Love, Murder & Revenge In Brighton

Love, Murder & Revenge In Brighton

Static Mass Rating: 5/5
Optimum Releasing

Release date: February 4th 2011
Certificate (UK): 15
Running time: 111 minutes

Director: Rowan Joffe

Helen Mirren, John Hurt, Andy Serkis, Sam Riley, Andrea Riseborough

BBC News, On This Day, 1964: Mods and Rockers Jailed After Seaside Riots

When it comes to movies, I’m not an easy man to please. I sift through an insane amount of films each week hoping to find something that will stay with me long after the show’s over.

I’m always looking for stories that make me feel a little bit more than my usual daily life allows. That’s the job I assign to film and what I expect it to deliver in return for my attention.

Brighton Rock

Brighton Rock, adapted from Graham Greene’s iconic 1939 novel, I’m happy to say, delivers. This time set during the Mods and Rockers era in 1964 where the story centres on Pinkie (Sam Riley), a young gangster who’s after a slice of life in a town that’s there for the taking by anyone who dares. He seduces and eventually marries the innocent and impressionable waitress Rose (Andrea Riseborough) after she unknowingly ends up with a piece of evidence that could get him hanged. Rose’s boss, Ida (Helen Mirren) becomes worried that she’s getting into something she can’t handle, but when she sets her mind on sending Pinkie down for the crime he committed, it puts them all in more danger than before.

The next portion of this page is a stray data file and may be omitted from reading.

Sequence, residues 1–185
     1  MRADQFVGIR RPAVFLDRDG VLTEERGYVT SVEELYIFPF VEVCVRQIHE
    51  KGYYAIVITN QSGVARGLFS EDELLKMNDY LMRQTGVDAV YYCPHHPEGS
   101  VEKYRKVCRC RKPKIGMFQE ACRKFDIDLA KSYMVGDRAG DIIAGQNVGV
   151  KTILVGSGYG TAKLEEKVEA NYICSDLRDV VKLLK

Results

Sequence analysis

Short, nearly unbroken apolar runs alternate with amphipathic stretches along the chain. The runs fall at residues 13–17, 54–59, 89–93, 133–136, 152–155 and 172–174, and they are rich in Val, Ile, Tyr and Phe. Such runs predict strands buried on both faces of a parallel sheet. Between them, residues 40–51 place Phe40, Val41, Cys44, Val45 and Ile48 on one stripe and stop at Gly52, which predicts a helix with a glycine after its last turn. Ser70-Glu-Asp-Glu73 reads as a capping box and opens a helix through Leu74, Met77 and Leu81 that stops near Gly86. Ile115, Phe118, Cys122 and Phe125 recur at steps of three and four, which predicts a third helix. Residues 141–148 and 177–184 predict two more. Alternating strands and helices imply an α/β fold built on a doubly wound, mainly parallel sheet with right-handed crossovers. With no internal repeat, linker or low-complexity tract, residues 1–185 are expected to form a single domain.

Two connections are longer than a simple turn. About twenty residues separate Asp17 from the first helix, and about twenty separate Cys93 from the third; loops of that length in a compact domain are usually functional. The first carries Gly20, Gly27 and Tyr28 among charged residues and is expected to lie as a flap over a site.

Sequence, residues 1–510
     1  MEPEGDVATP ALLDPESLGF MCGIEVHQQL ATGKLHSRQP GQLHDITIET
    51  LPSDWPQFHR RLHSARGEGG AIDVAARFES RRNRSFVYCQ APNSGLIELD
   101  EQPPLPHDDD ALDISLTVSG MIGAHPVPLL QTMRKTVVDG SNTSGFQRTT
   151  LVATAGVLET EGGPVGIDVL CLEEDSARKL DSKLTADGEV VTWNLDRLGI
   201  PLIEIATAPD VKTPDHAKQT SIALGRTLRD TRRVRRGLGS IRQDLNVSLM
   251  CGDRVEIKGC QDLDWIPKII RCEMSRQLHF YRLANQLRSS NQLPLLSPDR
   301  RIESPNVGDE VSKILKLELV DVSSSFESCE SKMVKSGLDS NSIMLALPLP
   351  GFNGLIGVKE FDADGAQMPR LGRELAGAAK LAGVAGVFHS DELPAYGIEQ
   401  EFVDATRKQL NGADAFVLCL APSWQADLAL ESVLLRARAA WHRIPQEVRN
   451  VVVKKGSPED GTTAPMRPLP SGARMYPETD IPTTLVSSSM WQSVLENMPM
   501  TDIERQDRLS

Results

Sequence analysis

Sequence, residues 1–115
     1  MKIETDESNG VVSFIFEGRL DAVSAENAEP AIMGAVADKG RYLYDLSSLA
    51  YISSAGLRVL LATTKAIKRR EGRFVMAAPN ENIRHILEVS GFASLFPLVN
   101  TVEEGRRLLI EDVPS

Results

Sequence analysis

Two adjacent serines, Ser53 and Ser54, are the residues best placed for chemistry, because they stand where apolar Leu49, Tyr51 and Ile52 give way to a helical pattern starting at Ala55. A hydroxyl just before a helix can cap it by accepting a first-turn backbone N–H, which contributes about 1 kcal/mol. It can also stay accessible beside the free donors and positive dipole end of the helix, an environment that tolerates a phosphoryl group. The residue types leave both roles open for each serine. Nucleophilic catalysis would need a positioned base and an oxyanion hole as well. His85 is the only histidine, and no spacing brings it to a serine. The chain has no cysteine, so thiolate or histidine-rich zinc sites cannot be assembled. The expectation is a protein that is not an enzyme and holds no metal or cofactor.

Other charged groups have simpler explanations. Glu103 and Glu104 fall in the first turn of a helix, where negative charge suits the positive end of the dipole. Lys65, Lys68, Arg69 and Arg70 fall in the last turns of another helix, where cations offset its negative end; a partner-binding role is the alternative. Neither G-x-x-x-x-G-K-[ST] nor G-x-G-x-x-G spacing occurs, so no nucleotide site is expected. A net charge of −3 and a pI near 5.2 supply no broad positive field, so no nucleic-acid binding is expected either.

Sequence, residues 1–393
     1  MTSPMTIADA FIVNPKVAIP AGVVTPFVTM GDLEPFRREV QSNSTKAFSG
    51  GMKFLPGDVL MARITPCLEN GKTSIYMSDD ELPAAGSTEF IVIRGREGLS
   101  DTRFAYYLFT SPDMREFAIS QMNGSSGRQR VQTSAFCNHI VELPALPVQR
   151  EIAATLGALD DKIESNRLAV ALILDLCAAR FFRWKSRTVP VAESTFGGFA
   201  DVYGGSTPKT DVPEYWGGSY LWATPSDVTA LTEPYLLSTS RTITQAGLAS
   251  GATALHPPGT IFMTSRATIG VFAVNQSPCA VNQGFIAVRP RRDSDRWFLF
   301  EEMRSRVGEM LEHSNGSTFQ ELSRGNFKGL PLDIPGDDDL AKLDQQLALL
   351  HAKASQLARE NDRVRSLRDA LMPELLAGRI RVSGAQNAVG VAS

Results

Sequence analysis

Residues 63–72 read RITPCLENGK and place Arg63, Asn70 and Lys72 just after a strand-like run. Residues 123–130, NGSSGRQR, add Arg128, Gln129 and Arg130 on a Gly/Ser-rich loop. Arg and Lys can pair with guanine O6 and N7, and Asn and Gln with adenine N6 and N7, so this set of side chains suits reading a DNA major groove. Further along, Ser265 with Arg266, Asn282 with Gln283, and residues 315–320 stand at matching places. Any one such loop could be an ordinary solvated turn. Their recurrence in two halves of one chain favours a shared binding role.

All of this plays out alongside the mounting tension of the real-life 1964 riots which broke out between rival gangs, the Mods and Rockers. As Rose gets drawn deeper and deeper into Pinkie’s world, the riots are nothing compared to the finale which quite literally left me gasping for air by the time Richard Hawley’s There’s a Storm a Comin’ starts playing as the credits roll.

Brighton Rock

To take one of the finest pieces of vintage British cinema and decide to remake it is a brave thing, but what Joffe has managed to create is nothing less than a masterpiece. Although it steps away from its original British Noir aesthetic, it emerges as something new, much darker and utterly heartbreaking to watch. The performances by Riley and Riseborough are powerful, yet understated; the show is completely theirs despite great support from Mirren and Hurt.

Suffice to say, I am truly in love with this movie, for its dark portrayal of a soulless young man and a woman desperate for love no matter the cost. Brighton Rock illustrates beautifully how life can turn up miracles even when you’re on the outside looking in and you know better. It will be there when I close my eyes, forever playing in the cinema of my mind.

Brighton Rock

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